A graphic with a May 2 article about tiger mosquitoes incorrectly said that the chemical DEET kills mosquitoes. Repellents containing DEET repel the insects but do not kill them.
Urban Pest Will Soon Be Out for Blood
Tuesday, May 2, 2006
It shuns green space and clear water for crowded urban cover. Day and night, it goes for blood, targeting the tender flesh between the ankle and the knee. It penetrates most protection and resists high-tech efforts to contain it.
It's the Asian tiger mosquito, a distinctly urban pest plaguing patios in the seat of power. And this year, it's early -- with the season's first swarms expected within two weeks.
Over the past three summers, the tiger mosquito has grown to dominate this region's more than 60 mosquito species. Skittish and fast and able to breed in a bottle cap, the insect has proven as tough to eradicate as it is to swat, dealing mosquito abatement experts a new and nasty challenge.
"It has changed the complexion of residential mosquito control," said Roger Nasci, research entomologist at the federal Centers for Disease Control and Prevention. "The tiger mosquito is predominantly a container mosquito . . . and its backyard production means they're very difficult to manage."
Since entering this country from Japan in 1985, the tiger mosquito has spread from the steamy South steadily north and west. It has strengthened its grip on this region -- especially the District and urban Montgomery, Fairfax and Prince George's counties -- because of its preference to breed in niches where most other mosquitoes don't -- tire treads, cans, flowerpots, sandbox toys, even the wet wrinkles of plastic bags. Other mosquitoes opt for wide-open wetlands.
Before the breed arrived, "very few native mosquitoes were able to live in abundance in the metro and suburban areas of D.C.," said Cyrus Lesser, Maryland's chief of mosquito control.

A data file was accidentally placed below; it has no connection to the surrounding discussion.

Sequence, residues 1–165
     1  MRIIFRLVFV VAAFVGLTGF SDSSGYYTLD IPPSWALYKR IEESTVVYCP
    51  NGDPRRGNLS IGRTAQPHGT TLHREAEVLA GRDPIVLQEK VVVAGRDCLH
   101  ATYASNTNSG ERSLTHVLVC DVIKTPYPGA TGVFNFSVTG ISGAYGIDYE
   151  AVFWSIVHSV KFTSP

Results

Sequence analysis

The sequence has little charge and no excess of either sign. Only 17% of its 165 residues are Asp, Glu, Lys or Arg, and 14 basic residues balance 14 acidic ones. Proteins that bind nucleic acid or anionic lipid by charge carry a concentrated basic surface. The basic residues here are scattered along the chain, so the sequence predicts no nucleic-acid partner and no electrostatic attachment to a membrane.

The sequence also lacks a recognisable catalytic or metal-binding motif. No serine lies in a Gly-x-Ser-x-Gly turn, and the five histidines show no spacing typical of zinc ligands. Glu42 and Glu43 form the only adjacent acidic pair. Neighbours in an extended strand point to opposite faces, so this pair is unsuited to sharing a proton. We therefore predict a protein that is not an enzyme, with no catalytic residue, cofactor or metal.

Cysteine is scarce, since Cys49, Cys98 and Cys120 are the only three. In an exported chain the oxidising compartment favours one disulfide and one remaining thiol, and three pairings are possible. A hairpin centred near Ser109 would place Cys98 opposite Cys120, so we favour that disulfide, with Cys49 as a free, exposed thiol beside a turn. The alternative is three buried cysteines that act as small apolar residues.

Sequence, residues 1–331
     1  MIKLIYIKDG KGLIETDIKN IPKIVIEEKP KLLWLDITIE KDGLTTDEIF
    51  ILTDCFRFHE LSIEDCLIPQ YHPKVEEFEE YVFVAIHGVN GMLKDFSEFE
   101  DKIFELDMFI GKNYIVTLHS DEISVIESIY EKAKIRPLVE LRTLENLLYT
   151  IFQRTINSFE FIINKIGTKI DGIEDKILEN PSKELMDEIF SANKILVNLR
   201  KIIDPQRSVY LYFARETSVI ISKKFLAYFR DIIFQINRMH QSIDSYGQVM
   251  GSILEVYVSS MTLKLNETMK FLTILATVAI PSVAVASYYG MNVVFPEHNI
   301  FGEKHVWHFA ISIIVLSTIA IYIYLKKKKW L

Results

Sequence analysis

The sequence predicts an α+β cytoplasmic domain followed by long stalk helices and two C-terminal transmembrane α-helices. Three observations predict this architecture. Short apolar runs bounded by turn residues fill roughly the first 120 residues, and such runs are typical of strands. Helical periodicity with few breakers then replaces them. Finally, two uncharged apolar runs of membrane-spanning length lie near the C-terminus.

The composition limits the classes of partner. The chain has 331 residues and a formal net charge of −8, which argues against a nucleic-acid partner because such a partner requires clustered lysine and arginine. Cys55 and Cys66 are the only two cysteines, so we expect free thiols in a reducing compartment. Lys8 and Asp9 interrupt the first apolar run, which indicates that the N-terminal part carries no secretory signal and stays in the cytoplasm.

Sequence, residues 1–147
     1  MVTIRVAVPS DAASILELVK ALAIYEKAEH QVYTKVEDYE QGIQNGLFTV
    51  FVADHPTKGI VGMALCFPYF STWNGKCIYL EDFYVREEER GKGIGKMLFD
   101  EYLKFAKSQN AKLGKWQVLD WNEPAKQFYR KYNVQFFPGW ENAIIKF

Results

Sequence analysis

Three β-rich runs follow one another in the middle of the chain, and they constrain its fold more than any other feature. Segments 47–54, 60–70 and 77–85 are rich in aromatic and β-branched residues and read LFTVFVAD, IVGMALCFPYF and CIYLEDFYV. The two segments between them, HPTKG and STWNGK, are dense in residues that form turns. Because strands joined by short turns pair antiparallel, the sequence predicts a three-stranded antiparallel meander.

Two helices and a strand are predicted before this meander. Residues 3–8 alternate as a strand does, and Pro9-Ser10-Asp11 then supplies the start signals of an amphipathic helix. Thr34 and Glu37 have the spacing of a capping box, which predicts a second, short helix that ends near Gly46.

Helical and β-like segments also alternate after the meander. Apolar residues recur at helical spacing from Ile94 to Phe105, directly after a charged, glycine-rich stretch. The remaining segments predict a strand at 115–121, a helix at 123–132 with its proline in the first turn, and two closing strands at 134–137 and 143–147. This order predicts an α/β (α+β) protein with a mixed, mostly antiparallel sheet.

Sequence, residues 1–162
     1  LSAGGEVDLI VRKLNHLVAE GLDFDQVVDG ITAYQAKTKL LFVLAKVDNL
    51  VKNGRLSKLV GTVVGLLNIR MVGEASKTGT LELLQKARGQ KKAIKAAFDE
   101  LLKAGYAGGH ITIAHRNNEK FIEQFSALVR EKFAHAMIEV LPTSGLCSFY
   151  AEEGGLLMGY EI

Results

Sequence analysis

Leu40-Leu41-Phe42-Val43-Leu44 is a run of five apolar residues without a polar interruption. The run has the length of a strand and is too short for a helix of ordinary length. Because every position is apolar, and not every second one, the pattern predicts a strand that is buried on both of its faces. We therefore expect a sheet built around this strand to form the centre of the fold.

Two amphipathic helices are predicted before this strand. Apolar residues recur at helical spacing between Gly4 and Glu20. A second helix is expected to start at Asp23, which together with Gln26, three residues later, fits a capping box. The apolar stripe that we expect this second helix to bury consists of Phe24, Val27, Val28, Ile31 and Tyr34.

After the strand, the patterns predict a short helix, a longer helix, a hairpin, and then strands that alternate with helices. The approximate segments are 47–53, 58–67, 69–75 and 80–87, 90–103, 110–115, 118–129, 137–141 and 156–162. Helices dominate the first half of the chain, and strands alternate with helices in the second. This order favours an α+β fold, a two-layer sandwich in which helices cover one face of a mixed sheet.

Tiger mosquitoes can carry such diseases as West Nile and encephalitis. But they are better known for chasing the residents of entire neighborhoods from their back yards.
"The only real solution to the Asian tiger is source reduction -- you've got to get rid of the breeding sites," said Jorge Arias, mosquito control chief for Fairfax County. "The power of this mosquito is unbelievable."
Working in West Africa several years ago, Allison Hudgins evaded swarms of winged marauders every night. But she had to fend off daytime bites at her Alexandria duplex. She slapped, missed and figured her neighbor's ratty yard was spawning something new.
In 2001, Hudgins and her husband, Coley, moved to Northwest Washington. About the same time, tiger mosquitoes moved in, too. Larvae typically are imported inside a container. They hatch within two weeks, and then the females fly forth, bite and multiply.
So it went on Legation Street, which by last summer had a near-biblical tiger problem. The insects fly day and night, low and fast -- biting adults most often on the legs and children all over. "Ten minutes and they're buzzing around your legs," Hudgins said. "After that, it's like a game. . . . How am I going to smack that next mosquito?"